Magical children's story "Millions" right on the money
Seattle Times movie critic
"Millions," with James Nesbitt, Daisy Donovan, Alex Etel, Lewis McGibbon, Christopher Fulford. Directed by Danny Boyle, from a screenplay by Frank Cottrell Boyce. 97 minutes. Rated PG for thematic elements, language, some peril and mild sensuality. Egyptian.
Those wondering how to direct child actors would do well to look to a handful of fine recent releases from overseas: "Dear Frankie," "Nobody Knows" and now Danny Boyle's "Millions," which features at its center an angel-faced young actor named Alex Etel. As Damian, a motherless 7-year-old obsessed with saints and miracles, he's never cute, never forced, and always enchanting — a balance American kid stars rarely find.
Damian and his older brother Anthony (Lewis McGibbon, also splendid) live in northern England with their well-meaning but ineffectual father (James Nesbitt). Their mother has recently died, and they've moved to a spanking-new suburban development to start again. One day, as Damian is walking through the fields by the railroad tracks, a suitcase full of money falls from the sky. It's from God, he reasons — who else would have that much money? With the help of his more pragmatic brother, they drag the bag home, vowing to tell no one. But money, they learn, has a way of "making it harder to see what's what."
In the hands of a less brisk director, "Millions" might have turned saccharine. But Boyle, who's better known for more gritty fare ("Trainspotting," "28 Days Later"), turns Frank Cottrell Boyce's screenplay into something magical — a gentle illustration of that particular moment in childhood when the world begins to make its mark. Etel, as Damian, has an almost painful earnestness to him; you sense, watching him, that life will hurt this child and shape him into something tougher. Anthony, at 9, is already there; he's businesslike about the money, thinking about investing in property, while Damian's idea of a good purchase is buying birds at the pet store, so as to set them free.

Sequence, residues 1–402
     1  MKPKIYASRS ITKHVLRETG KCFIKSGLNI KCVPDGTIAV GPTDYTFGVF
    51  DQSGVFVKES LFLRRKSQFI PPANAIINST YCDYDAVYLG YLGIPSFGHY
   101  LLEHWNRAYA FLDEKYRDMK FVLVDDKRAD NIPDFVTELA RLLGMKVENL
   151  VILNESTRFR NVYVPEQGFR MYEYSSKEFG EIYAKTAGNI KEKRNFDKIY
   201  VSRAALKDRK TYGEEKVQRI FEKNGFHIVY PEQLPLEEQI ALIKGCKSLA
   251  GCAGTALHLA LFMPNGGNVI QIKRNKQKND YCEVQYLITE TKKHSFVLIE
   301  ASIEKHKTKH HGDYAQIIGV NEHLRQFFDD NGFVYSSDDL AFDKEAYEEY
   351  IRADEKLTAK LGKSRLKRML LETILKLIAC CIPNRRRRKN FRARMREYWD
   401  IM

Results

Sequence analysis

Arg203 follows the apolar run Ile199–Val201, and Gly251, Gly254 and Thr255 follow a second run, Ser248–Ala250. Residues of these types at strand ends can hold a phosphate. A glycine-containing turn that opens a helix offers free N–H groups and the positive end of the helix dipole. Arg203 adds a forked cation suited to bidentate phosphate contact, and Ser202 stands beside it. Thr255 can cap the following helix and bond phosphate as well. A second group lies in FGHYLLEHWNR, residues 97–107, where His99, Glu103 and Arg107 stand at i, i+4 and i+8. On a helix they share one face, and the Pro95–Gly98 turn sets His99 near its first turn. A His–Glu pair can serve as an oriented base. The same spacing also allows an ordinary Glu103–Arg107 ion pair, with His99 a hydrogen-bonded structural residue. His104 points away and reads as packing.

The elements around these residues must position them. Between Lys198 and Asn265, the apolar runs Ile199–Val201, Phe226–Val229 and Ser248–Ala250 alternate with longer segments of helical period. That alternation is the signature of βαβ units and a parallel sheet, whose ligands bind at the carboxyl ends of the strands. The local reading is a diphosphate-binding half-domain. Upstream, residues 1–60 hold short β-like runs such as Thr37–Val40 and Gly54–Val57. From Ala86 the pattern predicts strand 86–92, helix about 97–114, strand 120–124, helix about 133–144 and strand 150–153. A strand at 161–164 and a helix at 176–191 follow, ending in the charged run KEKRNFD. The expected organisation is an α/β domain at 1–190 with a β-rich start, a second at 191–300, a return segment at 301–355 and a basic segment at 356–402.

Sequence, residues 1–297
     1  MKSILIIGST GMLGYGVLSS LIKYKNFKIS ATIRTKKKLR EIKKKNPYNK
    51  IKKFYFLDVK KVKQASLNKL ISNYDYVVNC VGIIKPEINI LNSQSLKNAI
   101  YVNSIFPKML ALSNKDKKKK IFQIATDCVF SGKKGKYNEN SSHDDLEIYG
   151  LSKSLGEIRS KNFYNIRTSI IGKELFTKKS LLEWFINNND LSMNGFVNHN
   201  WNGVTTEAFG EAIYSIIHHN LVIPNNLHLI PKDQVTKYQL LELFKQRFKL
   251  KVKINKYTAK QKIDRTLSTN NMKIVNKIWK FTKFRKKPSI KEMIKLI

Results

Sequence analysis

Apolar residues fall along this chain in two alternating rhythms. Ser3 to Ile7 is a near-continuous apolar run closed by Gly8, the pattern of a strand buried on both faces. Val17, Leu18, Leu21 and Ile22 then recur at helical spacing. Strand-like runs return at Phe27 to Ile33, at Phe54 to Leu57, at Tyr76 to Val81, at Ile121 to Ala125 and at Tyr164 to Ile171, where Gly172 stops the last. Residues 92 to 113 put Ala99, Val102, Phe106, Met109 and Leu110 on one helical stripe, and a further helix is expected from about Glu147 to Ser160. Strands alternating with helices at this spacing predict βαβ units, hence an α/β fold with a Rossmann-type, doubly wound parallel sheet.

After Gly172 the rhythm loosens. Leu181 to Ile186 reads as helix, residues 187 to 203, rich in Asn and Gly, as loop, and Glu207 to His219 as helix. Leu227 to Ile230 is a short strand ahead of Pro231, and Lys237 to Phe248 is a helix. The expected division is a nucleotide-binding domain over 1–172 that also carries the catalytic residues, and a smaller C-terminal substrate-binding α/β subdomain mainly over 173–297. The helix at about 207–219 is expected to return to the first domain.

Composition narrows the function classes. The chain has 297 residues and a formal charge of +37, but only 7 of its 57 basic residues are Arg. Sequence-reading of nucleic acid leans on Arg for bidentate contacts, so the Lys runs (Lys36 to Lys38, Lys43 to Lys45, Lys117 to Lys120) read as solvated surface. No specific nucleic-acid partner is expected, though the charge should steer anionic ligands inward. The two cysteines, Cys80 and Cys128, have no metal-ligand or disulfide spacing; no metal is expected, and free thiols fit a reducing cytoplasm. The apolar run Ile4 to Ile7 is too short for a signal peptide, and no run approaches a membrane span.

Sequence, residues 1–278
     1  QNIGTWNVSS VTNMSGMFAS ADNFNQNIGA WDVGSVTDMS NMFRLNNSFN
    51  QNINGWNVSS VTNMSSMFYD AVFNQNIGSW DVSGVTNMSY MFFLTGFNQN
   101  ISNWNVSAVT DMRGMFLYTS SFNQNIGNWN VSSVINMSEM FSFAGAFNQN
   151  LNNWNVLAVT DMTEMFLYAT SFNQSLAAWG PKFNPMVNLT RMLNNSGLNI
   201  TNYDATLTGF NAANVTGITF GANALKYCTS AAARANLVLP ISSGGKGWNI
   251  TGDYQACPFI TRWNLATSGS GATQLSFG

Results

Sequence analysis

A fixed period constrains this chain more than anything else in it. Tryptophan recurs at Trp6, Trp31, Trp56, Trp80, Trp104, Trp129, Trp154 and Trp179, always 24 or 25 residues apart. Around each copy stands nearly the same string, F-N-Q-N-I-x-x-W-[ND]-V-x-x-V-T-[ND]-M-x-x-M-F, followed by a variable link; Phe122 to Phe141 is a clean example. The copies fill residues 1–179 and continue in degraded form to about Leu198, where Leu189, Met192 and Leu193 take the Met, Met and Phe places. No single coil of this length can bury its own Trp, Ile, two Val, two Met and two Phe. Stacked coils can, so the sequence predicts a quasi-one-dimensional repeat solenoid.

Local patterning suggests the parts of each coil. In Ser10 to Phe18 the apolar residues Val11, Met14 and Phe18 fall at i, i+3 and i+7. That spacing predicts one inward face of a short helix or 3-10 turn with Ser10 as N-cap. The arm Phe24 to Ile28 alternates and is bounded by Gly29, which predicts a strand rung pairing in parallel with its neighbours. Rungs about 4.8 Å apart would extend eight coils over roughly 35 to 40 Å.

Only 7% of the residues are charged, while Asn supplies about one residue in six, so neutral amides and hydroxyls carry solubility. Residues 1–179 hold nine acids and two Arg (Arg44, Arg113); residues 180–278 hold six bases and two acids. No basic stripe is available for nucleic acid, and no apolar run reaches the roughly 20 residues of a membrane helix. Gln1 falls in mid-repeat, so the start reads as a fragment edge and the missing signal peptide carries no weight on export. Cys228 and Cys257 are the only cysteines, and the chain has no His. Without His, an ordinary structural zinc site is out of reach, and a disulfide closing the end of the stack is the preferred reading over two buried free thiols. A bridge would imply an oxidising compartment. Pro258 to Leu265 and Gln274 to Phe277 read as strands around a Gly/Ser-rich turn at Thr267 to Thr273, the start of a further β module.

The story is given urgency by a nifty plot creation: This Britain is about to adopt the euro, so that suitcase full of pounds will shortly become worthless. Plus, this treasure is more elusive than most. As the father gets drawn into the story, along with a charity worker (Daisy Donovan) who effortlessly joins the family, things get darker, and very young viewers may be frightened by scenes in which a criminal imperils the boys in trying to regain the money. (Damian is crushed to learn that the money is stolen; Anthony remains level-headed. "It's not the money's fault it got stolen," he says.)
Ultimately, though, "Millions" is a sweet story of faith (Damian's love for the saints — shown with appealingly askew halos — is unquestioning), hope and charity. The adults, and even Anthony, remain peripheral: This is Damian's story, and he seizes it.
"That's how Anthony would want this story to end," he says in voice-over over a final, sun-drenched scene. "But it's mine. This is where I want it to end." And so do we.Moira Macdonald: 206-464-2725
Copyright © 2005 The Seattle Times Company